The Square Circuit

Academia, parenthood, living in a bankrupt city, and what I read in the process.

Friday, November 11, 2005

witch hunting in Pennsylvania

The Pennsylvania state legislature—well, the right wing of same—has taken David Horowitz's project of vetting colleges for "left-wing bias" and put it into action. They've been "looking into" this problem and over the last two days hearings have been held at the University of Pittsburgh, to decide whether students are being graded on how well their beliefs square with left-wing orthodoxy. (Whatever that might be. If we did have a left-wing "orthodoxy" to which we could hold people, "message discipline" the political consultants call it, maybe we'd win an election once in a while.) Horowitz has been agitating for an "Academic Bill of Rights" that would ensure "fairness" in public universities, and has been peddling this idea to right-wing legislators in numerous states.

Currently, all Pennsylvania has is a House resolution, authorizing a committee to look into these matters. They'll be holding four hearings on state campuses (I haven't been able to find the schedule, but Pitt is the first, and we can safely assume they'll hit Penn State University Park as well) over the next few months, preliminary to what is almost certainly going to be the introduction of a Horowitz-authored bill.

Pitt's provost criticized the inquiry, telling the House select committee on academic freedom in higher education that Pitt already had a functional system for dealing with student complaints of bias in classrooms. I doubt this will be the end of things, though.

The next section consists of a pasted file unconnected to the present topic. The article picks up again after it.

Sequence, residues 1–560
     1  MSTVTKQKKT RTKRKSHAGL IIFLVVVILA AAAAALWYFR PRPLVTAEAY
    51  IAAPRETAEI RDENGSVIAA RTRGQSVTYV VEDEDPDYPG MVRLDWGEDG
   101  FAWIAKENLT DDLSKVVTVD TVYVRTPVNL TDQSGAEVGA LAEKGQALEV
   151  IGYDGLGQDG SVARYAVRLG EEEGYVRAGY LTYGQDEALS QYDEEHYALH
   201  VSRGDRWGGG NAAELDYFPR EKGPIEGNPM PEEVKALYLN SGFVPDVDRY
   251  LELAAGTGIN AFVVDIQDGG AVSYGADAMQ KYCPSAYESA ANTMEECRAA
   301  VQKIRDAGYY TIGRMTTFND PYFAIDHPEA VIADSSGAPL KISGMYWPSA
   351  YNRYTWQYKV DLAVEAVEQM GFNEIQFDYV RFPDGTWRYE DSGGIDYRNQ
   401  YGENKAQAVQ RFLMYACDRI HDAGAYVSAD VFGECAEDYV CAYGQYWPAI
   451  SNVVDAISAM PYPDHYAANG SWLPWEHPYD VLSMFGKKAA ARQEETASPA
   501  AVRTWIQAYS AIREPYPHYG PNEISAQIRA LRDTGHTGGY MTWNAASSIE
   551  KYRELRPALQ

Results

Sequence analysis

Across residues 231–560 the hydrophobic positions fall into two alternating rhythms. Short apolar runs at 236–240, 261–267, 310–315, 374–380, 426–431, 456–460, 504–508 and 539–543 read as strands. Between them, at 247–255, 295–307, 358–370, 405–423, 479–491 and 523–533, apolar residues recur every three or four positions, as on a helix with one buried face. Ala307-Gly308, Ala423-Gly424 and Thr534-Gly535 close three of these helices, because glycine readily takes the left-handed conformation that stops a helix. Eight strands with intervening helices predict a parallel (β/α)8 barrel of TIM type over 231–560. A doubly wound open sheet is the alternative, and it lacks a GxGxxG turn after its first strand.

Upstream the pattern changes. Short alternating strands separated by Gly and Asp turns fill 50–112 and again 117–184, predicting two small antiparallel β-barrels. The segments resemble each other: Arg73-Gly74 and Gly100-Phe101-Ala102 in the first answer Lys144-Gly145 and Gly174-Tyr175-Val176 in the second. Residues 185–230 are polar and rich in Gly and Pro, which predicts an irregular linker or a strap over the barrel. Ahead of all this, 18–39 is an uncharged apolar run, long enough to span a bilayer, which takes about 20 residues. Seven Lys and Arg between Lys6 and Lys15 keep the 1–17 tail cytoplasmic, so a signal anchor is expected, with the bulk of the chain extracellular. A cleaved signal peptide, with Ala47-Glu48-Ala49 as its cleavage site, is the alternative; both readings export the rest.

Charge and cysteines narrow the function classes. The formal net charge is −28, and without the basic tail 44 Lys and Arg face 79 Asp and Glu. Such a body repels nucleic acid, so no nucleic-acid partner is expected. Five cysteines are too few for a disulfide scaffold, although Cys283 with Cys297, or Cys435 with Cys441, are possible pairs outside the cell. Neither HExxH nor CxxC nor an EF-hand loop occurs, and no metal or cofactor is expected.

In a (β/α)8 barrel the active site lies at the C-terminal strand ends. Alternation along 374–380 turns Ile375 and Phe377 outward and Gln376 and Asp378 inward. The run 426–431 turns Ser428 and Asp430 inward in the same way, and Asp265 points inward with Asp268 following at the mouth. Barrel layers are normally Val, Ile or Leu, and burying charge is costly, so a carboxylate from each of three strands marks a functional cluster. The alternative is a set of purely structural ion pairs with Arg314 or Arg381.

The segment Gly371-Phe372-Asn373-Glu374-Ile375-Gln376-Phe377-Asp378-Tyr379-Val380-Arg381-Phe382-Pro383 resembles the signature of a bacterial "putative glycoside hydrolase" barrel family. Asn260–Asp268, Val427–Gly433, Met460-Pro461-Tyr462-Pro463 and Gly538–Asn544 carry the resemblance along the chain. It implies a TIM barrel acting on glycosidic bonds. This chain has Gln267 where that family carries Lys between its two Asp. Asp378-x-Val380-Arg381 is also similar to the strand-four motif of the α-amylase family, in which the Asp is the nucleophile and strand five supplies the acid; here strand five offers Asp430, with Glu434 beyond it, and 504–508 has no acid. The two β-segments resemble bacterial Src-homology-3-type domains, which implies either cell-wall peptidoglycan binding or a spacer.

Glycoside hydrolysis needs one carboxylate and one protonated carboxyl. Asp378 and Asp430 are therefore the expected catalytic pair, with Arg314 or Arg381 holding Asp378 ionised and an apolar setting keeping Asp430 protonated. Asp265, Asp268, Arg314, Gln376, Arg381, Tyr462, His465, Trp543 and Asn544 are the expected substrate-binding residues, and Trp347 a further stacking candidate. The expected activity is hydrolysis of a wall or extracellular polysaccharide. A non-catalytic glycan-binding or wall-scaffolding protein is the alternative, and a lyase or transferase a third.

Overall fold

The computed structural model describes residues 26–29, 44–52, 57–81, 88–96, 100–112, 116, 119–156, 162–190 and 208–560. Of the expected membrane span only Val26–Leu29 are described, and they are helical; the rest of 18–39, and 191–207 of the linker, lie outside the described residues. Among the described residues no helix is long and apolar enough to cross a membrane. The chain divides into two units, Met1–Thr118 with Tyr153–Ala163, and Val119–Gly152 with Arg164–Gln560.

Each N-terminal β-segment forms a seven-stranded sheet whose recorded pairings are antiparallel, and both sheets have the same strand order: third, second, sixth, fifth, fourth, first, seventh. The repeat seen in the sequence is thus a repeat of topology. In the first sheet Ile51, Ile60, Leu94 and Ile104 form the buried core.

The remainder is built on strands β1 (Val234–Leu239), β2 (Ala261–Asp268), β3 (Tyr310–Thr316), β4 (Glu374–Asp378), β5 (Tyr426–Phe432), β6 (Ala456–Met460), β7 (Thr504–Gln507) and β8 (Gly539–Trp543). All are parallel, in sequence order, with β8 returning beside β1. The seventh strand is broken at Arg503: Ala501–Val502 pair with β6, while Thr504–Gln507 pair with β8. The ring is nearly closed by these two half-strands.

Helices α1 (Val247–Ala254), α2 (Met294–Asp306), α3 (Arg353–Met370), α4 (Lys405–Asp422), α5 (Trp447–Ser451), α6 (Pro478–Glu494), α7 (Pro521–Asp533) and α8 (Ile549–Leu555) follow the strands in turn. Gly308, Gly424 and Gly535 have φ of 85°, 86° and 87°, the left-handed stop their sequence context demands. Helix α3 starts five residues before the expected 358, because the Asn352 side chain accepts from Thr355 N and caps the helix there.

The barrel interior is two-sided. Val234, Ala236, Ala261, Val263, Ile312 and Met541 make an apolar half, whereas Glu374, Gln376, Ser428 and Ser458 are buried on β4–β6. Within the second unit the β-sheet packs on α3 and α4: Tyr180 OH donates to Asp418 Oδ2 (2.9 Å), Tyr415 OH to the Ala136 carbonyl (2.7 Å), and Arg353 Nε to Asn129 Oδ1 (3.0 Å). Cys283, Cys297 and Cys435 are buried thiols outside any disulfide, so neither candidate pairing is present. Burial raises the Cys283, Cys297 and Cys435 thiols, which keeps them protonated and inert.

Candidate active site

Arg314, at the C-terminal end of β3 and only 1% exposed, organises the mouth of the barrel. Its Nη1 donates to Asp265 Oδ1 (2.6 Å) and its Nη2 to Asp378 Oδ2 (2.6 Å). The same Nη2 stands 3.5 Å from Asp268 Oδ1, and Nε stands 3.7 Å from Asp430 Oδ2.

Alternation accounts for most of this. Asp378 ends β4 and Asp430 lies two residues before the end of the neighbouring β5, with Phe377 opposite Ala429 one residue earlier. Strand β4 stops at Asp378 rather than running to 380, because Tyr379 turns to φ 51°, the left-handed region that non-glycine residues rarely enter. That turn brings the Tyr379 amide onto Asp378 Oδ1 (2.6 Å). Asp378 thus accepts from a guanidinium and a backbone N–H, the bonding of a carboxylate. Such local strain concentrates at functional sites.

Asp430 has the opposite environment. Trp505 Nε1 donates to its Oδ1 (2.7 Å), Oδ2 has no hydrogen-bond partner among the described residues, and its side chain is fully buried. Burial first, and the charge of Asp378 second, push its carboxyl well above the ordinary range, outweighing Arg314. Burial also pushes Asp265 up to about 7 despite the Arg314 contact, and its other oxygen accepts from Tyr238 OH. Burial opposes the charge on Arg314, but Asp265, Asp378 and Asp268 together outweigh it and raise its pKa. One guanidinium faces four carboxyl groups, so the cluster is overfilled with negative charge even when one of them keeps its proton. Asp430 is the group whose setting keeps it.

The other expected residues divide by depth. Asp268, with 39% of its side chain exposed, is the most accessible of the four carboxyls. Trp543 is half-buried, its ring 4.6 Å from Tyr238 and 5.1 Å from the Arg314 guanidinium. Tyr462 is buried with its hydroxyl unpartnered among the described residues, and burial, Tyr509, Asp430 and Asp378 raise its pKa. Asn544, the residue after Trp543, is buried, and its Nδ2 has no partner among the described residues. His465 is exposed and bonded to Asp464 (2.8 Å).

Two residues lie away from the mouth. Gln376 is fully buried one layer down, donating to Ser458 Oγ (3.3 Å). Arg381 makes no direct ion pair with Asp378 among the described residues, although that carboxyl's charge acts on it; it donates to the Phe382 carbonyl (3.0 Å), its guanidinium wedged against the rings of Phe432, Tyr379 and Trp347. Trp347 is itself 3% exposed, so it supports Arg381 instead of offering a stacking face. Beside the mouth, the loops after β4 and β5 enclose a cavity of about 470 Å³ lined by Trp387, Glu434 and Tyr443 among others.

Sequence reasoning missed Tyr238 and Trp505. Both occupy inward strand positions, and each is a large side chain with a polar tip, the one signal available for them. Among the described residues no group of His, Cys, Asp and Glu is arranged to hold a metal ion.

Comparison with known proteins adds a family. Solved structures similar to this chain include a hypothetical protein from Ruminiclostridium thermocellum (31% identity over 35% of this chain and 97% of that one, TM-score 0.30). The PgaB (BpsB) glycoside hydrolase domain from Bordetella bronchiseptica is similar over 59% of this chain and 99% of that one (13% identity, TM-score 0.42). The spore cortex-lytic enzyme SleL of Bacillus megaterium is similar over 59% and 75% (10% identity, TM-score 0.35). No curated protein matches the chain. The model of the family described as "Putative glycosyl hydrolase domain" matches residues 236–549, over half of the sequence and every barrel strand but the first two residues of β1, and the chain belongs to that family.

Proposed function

Groups pushing for these laws include:
The National Association of Scholars
Students for Academic Freedom
The Foundation for Individual Rights in Education
and of course Horowitz's group, the Center for the Study of Popular Culture. (Horowitz is a "reformed" leftist from the 1960s who now makes a living through self-promotion and agitation for right-wing, pseudopopulist causes.)
Typically, these groups portray themselves as grass-roots organizations but, as this article from THE INDEPENDENT ONLINE makes clear, they are generally funded, and often founded, by national right-wing organizations.

Groups representing teachers, such as the American Federation of Teachers and the American Association of University Professors, have come out against these specious bills.

It's clear to essentially everyone in higher education that the point of these committees across the nation is not to ensure academic freedom—I'd challenge any of these legislators to intelligently explain that concept in language not provided by David Horowitz and going beyond the idea of "liberal bias"—but to find the last place in America where lefties dominate and make sure that changes. I'd be willing to give these groups a little more credit if they actually spoke to real issues of academic freedom. I doubt any of these groups would be interested in talking about the McCarthy era, when university professors at Rutgers, Reed College, Oregon State University, the University of Texas, the University of Washington, and several other schools were fired for their beliefs, their histories of sympathizing with Communist ideas, or their unwillingness to sign various kinds of loyalty oaths. An interesting article about what can really be at stake regarding academic freedom is here.


  • At 2:14 PM, Blogger zp said…

    Thanks for the very thorough run down. Necessary, informative and depressing.


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